They say you can never have too many friends. Aside from simply the fact that human beings are social creatures, friendships are good for you in many ways, including boosting happiness, reducing stress, and helping you cope in hard times. According to the Mayo Clinic, having strong social support even reduces the risk for everything from depression to high blood pressure and may even help you live longer. But unfortunately, not all friends are ‘ride or die;’ a sad reality many people experience during a divorce. That’s why moving forward after divorce is often with friendships, too. As National New Friends Day is coming up, now is a perfect time. 

Why Friendships Often Wane During Divorce

Divorce affects virtually everything in your life, so while the impact on some of your friendships may not be surprising, it doesn’t make the hurt any less. There are five common reasons friendships wane during divorce:

  1. They feel threatened – Your still-married friends may see your single status as a threat to their marriage.
  2. They choose your ex’s side – When it comes to friendships you’ve made as a couple, most often they choose one side or the other.
  3. They see divorce as a stigma – While shocking this is still the case, especially with the high divorce rate, marriage is still seen as mainstream in some social circles, leaving you the odd one out.
  4. They think it’s bad juju – Yes, it’s irrational but some people feel like being around divorce will make their marriage all the more vulnerable to it.
  5. They don’t know how to handle it – Whether they have difficulty with change, they don’t know what to say or they just can’t deal with grief, some friends would rather just avoid the situation altogether.

Making New Friends After Divorce

You will no doubt have friends that stick with you through thick and thin, too, which you’ll likely cherish now more than ever. At the same time, part of moving forward should include making new friendships as well. Not as a means of replacing those friends you’ve lost, but the fact is, divorce changes you. Some new friendships may be just what you need to embrace those changes whether it’s single friends, those who’ve also been divorced, or perhaps those who share interests you’d now like to pursue. Regardless, these tips can help:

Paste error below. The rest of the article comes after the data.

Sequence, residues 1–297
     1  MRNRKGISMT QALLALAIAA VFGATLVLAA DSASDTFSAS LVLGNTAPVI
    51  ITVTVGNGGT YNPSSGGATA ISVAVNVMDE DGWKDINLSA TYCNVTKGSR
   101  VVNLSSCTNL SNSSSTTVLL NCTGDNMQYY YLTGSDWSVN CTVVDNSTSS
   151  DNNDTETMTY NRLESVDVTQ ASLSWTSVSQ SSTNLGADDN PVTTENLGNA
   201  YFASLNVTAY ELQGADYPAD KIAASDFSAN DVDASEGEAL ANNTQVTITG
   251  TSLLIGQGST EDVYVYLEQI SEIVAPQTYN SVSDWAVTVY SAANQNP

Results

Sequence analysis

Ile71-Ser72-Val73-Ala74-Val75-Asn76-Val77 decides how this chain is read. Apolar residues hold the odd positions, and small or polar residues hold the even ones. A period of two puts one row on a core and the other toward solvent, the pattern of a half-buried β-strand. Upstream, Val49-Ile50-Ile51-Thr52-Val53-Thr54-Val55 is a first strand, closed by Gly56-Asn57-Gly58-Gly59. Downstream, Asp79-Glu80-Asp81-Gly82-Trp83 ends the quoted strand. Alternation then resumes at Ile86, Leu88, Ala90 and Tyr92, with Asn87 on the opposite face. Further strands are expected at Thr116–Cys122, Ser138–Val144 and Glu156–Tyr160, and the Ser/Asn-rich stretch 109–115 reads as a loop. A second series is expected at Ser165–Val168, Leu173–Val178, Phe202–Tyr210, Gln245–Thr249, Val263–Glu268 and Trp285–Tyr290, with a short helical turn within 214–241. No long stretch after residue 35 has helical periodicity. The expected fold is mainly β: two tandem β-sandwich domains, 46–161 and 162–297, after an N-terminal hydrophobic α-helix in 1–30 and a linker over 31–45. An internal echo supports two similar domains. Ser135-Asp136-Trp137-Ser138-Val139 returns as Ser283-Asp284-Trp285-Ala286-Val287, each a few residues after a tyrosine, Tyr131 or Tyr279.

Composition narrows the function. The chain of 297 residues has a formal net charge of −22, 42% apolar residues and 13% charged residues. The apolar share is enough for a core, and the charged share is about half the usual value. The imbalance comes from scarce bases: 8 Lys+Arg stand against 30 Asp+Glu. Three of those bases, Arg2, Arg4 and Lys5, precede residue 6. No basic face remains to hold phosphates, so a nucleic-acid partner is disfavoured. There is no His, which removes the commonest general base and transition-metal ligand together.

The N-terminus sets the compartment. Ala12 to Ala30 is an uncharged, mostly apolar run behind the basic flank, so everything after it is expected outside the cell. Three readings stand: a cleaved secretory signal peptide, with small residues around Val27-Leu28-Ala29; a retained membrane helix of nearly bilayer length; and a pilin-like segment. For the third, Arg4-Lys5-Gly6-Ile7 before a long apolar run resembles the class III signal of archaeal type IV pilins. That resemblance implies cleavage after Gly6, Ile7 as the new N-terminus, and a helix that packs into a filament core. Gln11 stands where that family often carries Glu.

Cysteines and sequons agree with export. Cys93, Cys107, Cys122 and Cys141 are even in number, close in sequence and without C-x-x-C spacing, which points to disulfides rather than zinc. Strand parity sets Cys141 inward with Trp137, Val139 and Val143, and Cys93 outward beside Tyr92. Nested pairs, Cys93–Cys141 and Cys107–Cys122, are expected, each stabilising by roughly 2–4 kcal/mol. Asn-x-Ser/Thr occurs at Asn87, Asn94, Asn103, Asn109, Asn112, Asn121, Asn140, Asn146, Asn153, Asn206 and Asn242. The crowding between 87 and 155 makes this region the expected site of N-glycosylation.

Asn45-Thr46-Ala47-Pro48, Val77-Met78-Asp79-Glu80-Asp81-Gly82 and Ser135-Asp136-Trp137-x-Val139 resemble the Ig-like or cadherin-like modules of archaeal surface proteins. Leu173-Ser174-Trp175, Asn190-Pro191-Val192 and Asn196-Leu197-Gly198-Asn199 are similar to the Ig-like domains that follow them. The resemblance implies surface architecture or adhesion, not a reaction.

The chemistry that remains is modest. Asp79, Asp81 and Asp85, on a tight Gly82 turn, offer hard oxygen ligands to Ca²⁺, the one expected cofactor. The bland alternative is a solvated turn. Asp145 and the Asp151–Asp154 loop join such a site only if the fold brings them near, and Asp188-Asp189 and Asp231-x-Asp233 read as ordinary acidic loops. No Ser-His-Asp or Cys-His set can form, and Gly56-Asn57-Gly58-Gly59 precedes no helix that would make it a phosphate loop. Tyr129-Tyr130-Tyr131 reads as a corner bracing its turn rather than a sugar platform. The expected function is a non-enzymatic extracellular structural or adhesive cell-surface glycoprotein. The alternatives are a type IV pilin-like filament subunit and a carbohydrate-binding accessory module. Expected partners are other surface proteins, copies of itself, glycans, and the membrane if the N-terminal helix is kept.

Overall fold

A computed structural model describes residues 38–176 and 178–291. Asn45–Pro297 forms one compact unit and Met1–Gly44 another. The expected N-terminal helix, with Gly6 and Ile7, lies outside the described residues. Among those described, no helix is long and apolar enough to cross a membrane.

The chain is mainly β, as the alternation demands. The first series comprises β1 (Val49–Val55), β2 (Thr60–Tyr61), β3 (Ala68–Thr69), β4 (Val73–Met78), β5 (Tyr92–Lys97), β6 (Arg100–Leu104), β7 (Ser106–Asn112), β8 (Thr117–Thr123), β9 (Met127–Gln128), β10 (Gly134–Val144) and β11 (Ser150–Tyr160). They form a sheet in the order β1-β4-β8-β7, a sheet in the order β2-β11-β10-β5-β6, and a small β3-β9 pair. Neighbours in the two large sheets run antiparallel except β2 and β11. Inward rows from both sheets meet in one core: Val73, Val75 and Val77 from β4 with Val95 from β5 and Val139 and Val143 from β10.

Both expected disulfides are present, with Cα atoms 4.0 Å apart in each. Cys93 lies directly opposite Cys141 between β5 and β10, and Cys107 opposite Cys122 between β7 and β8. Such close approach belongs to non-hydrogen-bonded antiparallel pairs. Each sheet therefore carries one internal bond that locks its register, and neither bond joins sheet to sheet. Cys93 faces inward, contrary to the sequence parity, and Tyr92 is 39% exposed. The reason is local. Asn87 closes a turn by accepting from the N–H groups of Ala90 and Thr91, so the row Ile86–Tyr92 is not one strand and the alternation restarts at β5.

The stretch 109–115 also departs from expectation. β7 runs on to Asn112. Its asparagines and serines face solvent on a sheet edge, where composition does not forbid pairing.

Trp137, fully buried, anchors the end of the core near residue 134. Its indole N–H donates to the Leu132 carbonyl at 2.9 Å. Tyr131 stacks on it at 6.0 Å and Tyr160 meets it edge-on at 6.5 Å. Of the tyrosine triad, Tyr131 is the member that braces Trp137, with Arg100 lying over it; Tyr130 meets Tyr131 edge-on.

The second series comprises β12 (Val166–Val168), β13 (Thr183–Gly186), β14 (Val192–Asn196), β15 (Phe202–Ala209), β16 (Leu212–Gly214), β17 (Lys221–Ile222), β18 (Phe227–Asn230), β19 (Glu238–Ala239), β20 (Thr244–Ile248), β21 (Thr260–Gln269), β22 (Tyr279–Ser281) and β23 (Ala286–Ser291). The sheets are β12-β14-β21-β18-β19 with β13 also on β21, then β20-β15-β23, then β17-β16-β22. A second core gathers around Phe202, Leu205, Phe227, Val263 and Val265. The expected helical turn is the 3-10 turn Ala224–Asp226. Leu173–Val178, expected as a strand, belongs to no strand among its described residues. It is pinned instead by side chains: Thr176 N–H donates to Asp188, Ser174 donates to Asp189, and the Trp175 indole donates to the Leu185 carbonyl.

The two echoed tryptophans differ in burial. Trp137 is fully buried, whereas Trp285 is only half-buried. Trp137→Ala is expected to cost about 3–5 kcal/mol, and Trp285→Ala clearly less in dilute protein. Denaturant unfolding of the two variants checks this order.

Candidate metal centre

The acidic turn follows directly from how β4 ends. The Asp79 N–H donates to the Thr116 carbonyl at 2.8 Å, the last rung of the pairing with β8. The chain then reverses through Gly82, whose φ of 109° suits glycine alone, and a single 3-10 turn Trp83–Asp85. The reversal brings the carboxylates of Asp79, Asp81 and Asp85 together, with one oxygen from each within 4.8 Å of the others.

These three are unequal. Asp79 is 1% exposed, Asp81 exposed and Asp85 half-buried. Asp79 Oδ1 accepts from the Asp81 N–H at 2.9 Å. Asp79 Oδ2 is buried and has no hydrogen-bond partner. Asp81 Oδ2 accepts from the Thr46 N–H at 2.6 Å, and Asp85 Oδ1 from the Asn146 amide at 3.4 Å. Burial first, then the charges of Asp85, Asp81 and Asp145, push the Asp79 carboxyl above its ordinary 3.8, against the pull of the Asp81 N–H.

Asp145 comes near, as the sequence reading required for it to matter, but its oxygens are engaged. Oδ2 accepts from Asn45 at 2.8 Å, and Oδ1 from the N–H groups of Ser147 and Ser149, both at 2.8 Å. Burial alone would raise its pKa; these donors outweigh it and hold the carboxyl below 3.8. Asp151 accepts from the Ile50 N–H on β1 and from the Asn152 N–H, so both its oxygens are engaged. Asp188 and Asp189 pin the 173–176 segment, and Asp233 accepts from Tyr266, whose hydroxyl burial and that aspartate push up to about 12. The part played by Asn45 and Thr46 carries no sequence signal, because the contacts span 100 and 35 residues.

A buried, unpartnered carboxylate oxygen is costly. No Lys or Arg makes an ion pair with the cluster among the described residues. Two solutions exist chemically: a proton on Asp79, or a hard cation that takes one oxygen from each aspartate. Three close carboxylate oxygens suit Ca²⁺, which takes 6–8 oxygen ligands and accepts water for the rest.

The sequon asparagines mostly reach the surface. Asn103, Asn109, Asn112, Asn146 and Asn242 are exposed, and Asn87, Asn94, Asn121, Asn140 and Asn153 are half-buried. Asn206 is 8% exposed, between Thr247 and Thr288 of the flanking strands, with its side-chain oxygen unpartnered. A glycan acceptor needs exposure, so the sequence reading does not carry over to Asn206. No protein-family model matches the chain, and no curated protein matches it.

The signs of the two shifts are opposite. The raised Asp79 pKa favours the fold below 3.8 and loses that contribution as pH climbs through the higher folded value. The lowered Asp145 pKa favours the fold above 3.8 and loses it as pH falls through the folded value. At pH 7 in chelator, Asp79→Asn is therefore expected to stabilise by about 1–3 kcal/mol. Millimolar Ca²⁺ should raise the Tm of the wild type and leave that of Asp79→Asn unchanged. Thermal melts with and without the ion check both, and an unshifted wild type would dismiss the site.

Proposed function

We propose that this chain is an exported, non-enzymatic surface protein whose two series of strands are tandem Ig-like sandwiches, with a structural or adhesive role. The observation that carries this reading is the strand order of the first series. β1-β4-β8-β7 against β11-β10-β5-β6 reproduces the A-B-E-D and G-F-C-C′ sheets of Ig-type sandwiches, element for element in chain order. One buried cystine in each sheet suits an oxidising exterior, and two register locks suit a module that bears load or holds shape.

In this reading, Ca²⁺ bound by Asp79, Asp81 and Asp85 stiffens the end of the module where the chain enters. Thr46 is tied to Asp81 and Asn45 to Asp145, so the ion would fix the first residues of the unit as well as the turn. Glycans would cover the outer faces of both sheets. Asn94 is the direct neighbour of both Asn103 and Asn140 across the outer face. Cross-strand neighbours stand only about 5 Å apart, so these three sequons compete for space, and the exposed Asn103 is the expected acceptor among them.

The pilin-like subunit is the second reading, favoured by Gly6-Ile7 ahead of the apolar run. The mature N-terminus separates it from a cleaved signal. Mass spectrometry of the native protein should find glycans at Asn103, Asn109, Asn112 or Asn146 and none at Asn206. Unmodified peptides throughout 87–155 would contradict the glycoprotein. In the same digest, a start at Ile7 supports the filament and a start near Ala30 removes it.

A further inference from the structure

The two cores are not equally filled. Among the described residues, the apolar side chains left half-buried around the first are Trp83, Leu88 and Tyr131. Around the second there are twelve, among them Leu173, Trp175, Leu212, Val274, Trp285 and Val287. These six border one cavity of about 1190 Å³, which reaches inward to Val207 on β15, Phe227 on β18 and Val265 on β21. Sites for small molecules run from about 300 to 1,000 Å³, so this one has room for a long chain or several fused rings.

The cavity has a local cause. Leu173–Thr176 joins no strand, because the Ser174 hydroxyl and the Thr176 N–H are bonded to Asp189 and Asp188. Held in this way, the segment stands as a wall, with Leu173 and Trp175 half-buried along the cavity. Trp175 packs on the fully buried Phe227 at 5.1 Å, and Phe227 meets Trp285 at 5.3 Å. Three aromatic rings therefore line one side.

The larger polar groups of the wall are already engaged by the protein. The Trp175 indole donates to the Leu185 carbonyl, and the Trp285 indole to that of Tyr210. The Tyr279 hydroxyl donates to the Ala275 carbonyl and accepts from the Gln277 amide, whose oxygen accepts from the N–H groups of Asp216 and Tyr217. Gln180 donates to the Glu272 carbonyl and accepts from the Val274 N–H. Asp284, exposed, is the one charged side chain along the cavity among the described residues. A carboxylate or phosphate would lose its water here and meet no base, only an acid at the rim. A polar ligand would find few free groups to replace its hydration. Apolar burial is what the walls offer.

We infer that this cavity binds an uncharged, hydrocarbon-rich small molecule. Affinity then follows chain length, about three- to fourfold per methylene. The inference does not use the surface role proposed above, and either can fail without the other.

• Put yourself out there – We literally mean get out of the house. Duh, right? But seriously this first step is often the hardest. It’s intimidating to put yourself out there, but you know new friends aren’t just going to come knocking at your door. Start small by getting to know neighbors better or finally agreeing to join those lunches and happy hours at work.
  • Let your interests lead – A good way to make new friends is through common interests. If you enjoying running, join a local running group. If you love animals, volunteer with local rescues or spend more time at the dog park with your four-legged bestie. Become more active in your church. The key is to think about what you’re passionate about and find opportunities to connect through those things.
  • Learn something new – Along the same lines, maybe there’s something you’ve always wanted to learn. Or something you need to learn more about now; perhaps your ex did all the cooking, for example. Now is the perfect time to take a new class or join a new club. It’s a great way to meet new people and learn something new!
  • Reconnect – These may not new friends, but rather people you’ve lost touch with over the years. There are likely any number of people in your past who you’re connected with via social media that you may not realize now live in the same city as you, work in the same field, or who you just simply miss spending time with when life took you in different directions.
  • Ask your current friends – You know you can trust those who’ve been with you through the divorce and have stuck by you. What’s more, they know you best. But you may not know their entire social circle which is an opportunity in and of itself. Ask them to bring some friends next time you get together or have them introduce you to friends they think you might click with over coffee sometime.
  • Volunteer with your child’s school or team – If you’re a parent, you’re likely on the receiving end of volunteer requests through school or sports all the time. Volunteering more than you may do already has a couple of benefits after divorce. One, it gives you the opportunity to spend more quality time with your child and, two, you’ll be working with other parents with whom you might become friends. Nothing bonds you like the pain of school or sports fundraising, are we right?

Should you need additional support and guidance as you navigate divorce, our experienced team offers fully virtual coaching and mediation services. Contact us today to learn more or for a free consultation.